influential outlier.

The value of PRESS as defined in (9.33) is PRESS 130.76, which can be

compared to SSE 80.17.

A

PROBLEMS

9.1

Verify the following properties of the residual vector 1

(a)

(b)

(c)

(d)

(e)

(f)

(g)

(h)

9.2

E(^

1) 0

cov(1 ) s2 (I H)

cov(1 , y) s2 (I H)

cov(1 , ^y) O

P

1 ni1 ^1i =n 0

1 0 y y0 (I H)y

1 0 ^y 0

1 0 X 00

(a) In the proof of Theorem 9.2(ii), verify that the maximum value of hii h2ii

is 14.

(b) Prove Theorem 9.2(iii).

(c) Prove Theorem 9.2(iv).

9.3

Show that an alternative expression for hii in Theorem 9.2(iii) is the following:

hii

k

X

1

1

(x1i x1 )0 (x1i x1 )

cos2 uir ,

n

l

r1 r

where uir is the angle between x1i x1 and ar , the rth eigenvector of X0c Xc

(Cook and Weisberg 1982, p. 13). Thus hii is large if (x1i x1 )0 (x1i x1 ) is

large or if uir is small for some r.

PROBLEMS

9.4

Show that

suggested:

1

n

239

hii ^12i =^

10 1

(a) Let H be the hat matrix corresponding to the augmented matrix (X, y).

Then

H (X, y)[(X, y)0 (X, y)]1 (X, y)0

0

1 0

X X X0 y

X

(X, y)

:

0

0

y0

yX yy

Use the inverse of a partitioned matrix in (2.50) with A11 X0 X,

a12 X0 y, and a22 y0 y to obtain

1

H H [X(X0 X)1 X0 yy0 X(X0 X)1 X0 yy0 X(X0 X)1 X0

b

X(X0 X)1 X0 yy0 yy0 ]

1

H [Hyy0 H yy0 H Hyy0 yy0 ],

b

where b y0 y y0 X(X0 X)1 X0 y.

(b) Show that the above expression factors into

H H

(I H)yy0 (I H)

1 1 0

,

y0 (I H)y

1 0 1

^.

10 1

which gives hii hii ^12i =^

(c) The proof is easily completed by noting that H is a hat matrix and therefore (1=n) hii 1 by Theorem 9.2(i).

9.5

^ (i) b

^ ^1i (X0 X)1 xi =(1 hii ) as in (9.29). The following steps

Show that b

are suggested:

(a) Show that X0 X X0(i) X(i) xi x0i and that X0 y X0(i) y(i) xi yi .

^ (X0 X)1 xi yi .

(b) Show that (X0 X)1 X0(i) y(i) b

(c) Using the following adaptation of (2.53)

(B cc0 )1 B1

:

1 c0 B1 c

show that

(X0 X)1 xi x0i (X0 X)1 0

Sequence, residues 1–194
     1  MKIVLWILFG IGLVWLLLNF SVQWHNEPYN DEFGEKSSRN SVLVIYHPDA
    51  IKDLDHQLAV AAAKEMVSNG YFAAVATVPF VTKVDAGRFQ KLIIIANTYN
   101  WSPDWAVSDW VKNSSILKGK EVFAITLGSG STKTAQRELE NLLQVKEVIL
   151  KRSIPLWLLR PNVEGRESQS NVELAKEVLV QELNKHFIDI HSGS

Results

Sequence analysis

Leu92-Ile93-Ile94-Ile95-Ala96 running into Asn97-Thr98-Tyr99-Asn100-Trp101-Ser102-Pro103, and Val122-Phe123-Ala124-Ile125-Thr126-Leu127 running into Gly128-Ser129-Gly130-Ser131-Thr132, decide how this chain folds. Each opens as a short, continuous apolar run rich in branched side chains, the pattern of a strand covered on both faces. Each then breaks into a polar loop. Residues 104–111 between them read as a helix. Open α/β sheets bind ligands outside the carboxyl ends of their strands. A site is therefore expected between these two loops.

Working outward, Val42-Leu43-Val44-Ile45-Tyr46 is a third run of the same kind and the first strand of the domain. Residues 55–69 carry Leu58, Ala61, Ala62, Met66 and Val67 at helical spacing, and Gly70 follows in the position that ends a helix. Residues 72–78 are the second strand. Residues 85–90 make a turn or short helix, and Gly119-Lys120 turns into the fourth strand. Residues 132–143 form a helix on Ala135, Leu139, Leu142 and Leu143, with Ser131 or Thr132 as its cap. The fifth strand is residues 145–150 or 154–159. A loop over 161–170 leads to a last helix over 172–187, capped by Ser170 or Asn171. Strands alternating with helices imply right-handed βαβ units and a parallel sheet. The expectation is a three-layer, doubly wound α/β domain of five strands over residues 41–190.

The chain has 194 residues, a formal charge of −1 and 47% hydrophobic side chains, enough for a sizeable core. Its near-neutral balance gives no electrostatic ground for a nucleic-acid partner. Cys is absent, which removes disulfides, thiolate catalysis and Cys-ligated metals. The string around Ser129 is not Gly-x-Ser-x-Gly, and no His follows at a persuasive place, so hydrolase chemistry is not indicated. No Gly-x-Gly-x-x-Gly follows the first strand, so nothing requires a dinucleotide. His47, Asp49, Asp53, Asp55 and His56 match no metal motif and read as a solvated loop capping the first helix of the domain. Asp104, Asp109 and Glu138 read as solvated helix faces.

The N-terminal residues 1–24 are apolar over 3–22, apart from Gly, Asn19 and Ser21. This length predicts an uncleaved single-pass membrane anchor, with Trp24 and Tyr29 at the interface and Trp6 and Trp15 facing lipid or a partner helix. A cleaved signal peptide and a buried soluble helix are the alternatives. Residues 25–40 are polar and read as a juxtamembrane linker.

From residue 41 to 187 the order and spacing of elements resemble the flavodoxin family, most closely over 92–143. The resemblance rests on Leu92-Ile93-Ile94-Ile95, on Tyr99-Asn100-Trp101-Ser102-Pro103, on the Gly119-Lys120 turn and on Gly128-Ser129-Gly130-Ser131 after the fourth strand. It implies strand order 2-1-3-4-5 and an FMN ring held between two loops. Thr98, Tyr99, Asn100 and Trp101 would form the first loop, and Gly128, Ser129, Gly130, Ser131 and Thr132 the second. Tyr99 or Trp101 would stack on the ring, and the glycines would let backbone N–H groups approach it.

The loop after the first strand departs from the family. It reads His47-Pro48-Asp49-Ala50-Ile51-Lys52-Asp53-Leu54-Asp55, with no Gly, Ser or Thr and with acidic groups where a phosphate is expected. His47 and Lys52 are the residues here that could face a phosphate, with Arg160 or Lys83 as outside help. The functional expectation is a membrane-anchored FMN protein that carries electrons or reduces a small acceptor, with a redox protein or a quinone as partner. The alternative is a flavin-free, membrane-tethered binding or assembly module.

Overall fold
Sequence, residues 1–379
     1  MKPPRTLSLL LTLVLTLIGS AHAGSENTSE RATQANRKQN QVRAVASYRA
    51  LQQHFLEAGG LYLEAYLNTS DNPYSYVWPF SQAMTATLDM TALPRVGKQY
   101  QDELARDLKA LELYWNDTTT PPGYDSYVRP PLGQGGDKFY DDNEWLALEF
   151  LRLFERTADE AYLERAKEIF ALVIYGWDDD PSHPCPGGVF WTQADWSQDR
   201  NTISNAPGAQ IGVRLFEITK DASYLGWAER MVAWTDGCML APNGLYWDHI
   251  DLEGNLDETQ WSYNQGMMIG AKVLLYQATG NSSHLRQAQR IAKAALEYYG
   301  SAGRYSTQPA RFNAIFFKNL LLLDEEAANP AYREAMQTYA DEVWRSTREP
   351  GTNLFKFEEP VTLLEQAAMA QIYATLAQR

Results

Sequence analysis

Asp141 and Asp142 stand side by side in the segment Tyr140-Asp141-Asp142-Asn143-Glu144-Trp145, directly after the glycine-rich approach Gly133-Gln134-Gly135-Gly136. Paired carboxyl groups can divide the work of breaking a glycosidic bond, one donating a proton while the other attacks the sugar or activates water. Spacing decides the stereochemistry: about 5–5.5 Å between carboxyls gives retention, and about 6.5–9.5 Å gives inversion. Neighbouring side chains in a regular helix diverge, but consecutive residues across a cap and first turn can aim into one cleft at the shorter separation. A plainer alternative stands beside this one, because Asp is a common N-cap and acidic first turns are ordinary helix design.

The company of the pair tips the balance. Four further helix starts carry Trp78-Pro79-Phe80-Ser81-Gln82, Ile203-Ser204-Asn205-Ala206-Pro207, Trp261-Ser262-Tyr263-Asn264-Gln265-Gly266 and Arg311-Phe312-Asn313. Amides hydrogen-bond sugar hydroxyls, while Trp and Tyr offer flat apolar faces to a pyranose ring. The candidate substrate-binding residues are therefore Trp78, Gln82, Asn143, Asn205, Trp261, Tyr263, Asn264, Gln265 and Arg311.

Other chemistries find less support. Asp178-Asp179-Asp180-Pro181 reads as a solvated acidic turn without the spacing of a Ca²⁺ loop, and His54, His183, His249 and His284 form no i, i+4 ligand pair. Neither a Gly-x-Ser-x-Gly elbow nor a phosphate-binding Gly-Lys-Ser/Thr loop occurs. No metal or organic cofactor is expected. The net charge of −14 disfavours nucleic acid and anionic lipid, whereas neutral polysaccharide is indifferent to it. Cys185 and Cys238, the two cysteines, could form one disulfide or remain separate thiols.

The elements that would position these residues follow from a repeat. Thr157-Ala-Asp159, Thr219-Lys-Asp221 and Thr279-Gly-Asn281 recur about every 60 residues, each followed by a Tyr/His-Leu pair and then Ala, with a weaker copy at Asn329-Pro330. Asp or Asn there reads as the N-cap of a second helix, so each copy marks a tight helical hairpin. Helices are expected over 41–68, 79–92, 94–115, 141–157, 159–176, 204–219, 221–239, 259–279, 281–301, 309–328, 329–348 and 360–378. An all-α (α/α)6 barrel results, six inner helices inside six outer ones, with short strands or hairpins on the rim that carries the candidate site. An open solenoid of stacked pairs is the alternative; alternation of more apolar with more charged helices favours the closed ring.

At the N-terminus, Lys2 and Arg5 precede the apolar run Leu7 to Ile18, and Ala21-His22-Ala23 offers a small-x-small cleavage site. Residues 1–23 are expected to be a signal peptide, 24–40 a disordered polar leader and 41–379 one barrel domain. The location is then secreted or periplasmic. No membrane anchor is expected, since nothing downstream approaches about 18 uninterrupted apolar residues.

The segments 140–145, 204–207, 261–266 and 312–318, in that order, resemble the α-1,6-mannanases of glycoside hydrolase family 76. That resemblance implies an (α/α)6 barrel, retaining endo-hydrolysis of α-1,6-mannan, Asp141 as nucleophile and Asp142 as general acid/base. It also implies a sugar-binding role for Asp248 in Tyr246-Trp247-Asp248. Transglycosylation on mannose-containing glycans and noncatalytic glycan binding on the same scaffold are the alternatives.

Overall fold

0

1

^

b(i) (X X)

X(i) y(i) :

1 hii

240

(d) Using the result of parts (b) and (c), show that

^

^ (i) b

b

9.6

9.7

1^i

(X0 X)1 xi :

1 hii

p

p

c 1(i) ) in (9.31) is the same as ti ^1i =s(i) 1 hii in

var(^

Show that ti ^1(i)

(9.26). The following steps are suggested:

(a) Using ^1(i) ^1i =(1 hii ) in (9.30), show that var(^1(i) ) s2 =(1 hii ).

c 1(i) ) s2(i) =(1 hii ), show that

(b) If var(^1(i) ) in part (a) is estimated by var(^

p

p

c (i) ) ^1i =s(i) 1 hii .

1(i) = var(1

^

9.8

Show that SSE(i) y0(i) y(i) y0(i) X(i) b

SSE(i) SSE ^12i =(1 hii )

as in (9.32). One way to do this is as follows:

(a) Show that y0(i) y(i) y0 y y2i .

(b) Using Problem 9.5a,d, we have

^ (i)

y0(i) X(i) b

(y X

yi x0i )

^

b

1^i

0

1

(X X) xi :

1 hii

^ (i) y0 Xb

^ y2

y0(i) X(i) b

i

1^2i

:

1 hii

SSE(i) SSE ^12i =(1 hii ):

9.9

Show that Di ri2 hii =(k 1)(1 hii ) in (9.37) is the same as Di in (9.35).

This may be done by substituting (9.29) into (9.35).

9.10 For the gas vapor data in Table 7.3, compute the diagnostic measures

^yi , ^

1i , hii , ri , ti , and Di. Display these in a table similar to Table 9.1. Are

there outliers or potentially influential observations? Calculate PRESS and

compare to SSE.

9.11

For the land rent data in Table 7.5, compute the diagnostic measures

^yi , ^

1i , hii , ri , ti , and Di. Display these in a table similar to Table 9.1. Are

PROBLEMS

241

compare to SSE.

9.12

For the chemical reaction data of Table 7.4 with dependent variable y2,

compute the diagnostic measures ^yi , ^1i , hii , ri , ti , and Di. Display these in a

table similar to Table 9.1. Are there outliers or potentially influential observations? Calculate PRESS and compare to SSE.